296 Great Directors: Haile Gerima

“Well you know, Tarantino is a spoiled little white kid. He can do any movie he wants and nobody can do anything about it. But the true story of your question is that black people need to tell their history. Very few films are made by black people about slavery. That itself is a crime because slavery is a very important historical event that has held our people hostage.”

Why This Director?
: Between the recent Black Film Canon praising him and his recent rediscovery of sorts, it was time for a Gerima examination, especially after seeing…

My Last Experience Was…: Ashes and Embers, a viciously sad movie about trauma with a lot of beauty in it too.

What Did I Watch: Harvest 3000 Years, Bush Mama, and Sankofa (so all the remaining features minus Teza since I’ve been watching too many modernish movies for this).

Where Does He Fit: Harvest 3000 Years feels designed to put the viewer off with an opening consisting of someone saying “Hmmmm” repeatedly, but this hides the intelligence behind the techniques used, the Bela Tarr approach of people doing something slow and miserable in black and white. I desperately wish this would be restored, because the images seem like they would be very pretty, but I am a bit more torn on the sound work, which feels irritating in a way that may have been the intent (these people, after all, are essentially slaves, and the cast talks very little for a while) but…repetitive nature noises and occasional music seem like an odd choice to illustrate that, no? This is the rare case of me wishing I could have an explanation straight from the director’s mouth of intent, as the images just look as if they were put together carefully (lots of animal acting) yet they look so casual.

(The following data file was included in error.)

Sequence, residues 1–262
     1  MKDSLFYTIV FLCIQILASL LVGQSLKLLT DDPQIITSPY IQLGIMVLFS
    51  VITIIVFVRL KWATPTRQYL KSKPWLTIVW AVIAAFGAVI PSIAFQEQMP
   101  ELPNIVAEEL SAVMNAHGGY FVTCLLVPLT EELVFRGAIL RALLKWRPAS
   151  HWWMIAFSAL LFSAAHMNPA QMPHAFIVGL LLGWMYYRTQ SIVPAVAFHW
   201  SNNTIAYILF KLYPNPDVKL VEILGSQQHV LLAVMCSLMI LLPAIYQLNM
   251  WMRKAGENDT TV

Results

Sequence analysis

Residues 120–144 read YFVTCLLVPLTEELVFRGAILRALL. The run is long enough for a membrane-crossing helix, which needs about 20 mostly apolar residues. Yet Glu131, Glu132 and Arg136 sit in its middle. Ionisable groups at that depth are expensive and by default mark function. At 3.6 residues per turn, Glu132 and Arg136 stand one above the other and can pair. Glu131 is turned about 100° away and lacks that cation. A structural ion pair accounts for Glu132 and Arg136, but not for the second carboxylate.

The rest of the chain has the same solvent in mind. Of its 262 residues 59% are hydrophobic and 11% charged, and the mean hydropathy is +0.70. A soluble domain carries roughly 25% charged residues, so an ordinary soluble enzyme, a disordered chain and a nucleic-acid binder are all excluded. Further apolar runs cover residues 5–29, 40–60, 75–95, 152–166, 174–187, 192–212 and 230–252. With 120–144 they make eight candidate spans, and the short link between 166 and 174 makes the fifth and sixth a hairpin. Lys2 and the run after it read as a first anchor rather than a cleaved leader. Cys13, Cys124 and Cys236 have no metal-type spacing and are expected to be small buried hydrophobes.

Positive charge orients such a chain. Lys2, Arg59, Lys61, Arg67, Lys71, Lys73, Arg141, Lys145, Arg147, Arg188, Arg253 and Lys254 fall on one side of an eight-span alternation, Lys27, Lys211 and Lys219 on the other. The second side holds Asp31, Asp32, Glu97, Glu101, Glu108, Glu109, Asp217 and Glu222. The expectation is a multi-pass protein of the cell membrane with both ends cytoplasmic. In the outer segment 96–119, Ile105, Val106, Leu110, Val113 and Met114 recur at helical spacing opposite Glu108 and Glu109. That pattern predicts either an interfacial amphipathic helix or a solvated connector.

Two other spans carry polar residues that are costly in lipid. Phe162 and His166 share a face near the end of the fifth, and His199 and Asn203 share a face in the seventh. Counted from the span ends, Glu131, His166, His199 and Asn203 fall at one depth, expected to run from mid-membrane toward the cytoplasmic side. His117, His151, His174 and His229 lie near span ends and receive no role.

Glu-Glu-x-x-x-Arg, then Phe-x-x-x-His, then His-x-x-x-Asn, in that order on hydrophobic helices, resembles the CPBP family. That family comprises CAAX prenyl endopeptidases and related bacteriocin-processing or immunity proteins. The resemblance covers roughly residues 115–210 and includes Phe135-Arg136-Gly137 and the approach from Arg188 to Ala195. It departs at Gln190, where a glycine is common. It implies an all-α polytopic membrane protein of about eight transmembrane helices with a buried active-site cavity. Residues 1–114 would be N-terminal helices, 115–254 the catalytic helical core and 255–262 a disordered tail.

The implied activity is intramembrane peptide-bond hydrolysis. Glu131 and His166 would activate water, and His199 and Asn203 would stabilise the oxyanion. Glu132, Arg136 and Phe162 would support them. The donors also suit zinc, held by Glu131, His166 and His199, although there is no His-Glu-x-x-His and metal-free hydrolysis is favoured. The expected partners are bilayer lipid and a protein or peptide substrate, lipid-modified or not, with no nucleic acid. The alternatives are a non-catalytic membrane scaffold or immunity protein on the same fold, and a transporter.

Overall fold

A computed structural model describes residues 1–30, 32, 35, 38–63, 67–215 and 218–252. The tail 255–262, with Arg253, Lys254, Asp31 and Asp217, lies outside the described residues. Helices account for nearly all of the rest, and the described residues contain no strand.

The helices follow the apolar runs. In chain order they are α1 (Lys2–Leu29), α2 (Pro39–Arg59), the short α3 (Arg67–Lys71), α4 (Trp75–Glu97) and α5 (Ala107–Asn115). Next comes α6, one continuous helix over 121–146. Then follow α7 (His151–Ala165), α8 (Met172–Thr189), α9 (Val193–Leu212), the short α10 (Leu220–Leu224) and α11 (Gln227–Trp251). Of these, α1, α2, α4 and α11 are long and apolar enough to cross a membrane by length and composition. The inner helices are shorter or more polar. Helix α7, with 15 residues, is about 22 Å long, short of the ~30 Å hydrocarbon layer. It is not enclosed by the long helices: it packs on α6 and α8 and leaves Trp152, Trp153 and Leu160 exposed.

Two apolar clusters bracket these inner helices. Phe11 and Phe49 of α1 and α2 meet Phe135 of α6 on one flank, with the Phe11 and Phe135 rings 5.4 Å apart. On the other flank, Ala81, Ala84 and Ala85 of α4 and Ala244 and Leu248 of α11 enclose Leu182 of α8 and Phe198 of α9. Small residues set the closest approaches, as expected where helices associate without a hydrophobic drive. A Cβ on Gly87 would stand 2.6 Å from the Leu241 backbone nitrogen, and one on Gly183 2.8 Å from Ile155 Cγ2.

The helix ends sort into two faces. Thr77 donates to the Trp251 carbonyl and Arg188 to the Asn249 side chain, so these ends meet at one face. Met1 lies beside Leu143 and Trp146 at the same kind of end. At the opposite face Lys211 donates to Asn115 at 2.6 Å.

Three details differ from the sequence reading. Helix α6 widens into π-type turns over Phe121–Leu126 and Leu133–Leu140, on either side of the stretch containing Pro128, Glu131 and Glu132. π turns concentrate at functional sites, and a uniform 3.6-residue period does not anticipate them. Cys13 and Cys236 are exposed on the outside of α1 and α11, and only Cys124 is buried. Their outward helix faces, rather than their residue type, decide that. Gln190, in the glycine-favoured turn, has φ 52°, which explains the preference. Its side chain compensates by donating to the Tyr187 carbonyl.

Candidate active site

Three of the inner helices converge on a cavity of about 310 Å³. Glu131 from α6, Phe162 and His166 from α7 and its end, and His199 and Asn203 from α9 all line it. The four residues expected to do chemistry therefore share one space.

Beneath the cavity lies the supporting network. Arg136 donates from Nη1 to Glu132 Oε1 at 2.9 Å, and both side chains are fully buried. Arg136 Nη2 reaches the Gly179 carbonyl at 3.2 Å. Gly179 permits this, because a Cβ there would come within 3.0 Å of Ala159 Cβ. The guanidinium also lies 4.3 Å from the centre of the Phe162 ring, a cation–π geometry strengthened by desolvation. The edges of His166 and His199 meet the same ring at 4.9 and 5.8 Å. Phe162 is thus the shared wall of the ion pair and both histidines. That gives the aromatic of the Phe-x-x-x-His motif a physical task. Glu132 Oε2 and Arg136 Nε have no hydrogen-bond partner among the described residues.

The camera work on Bush Mama was done by Charles Burnett, and while I haven’t seen anything he has done, everything I have heard about Killer of Sheep leads me to say “makes sense,” with the opening images being innocuous enough but having a goddamn wall of sound related to welfare and police reports that makes them hard to watch and hear, especially when our leading lady, Dorothy (Barbarao AKA Barbara O. Jones) gets her purse stolen by some horrible child and has to deal with a bunch of people yelling at her about her supposed drinking, complete with a veteran husband T.C., who has been arrested for a crime he did not commit, leaving her with a daughter to take care of. (You could view him, in a way, as a sort of precursor to Ashes and Embers.) The issue here is that unlike the long haze of trauma of AaE, Dorothy and T.C. wind up becoming deeply radicalized, with the formal means being used to show what it is like to be a poor, black woman in a system that is expressly set up to punish that. Everything is loud and gritty and shit just happens out of nowhere. Masterful stuff.

Sankofa is a film that I desperately wish would be restored, as the quality I saw it in was pretty unacceptable and made moments like our leading lady’s entrance feel rather muted, and the brightness of the colors promises quality in the cinematography in the same way that Ashes and Embers has a distinctive orange palette. Still, no taking away from the disconcerting mood of the photo shoot where our black model Mona looks vaguely like a white woman in her blonde wig and is sexually urged on by the cameraman. Then the time travel kicks in, and things get really fucking spooky, an education in slavery and how we must learn from the past in order to eradicate racism. Shame the human face’s nuances have been totally nulled, because I have a suspicion that Oyafunmike Ogunlano’s performance is just as great as the leads of BM/AaE, and the camera loves her in more ways than one.


Most Valuable Asset: Rage and righteousness.
Most Excited For: Teza.

Coming Up Next: Writer/director but mostly the former, Nicole Holofcener.


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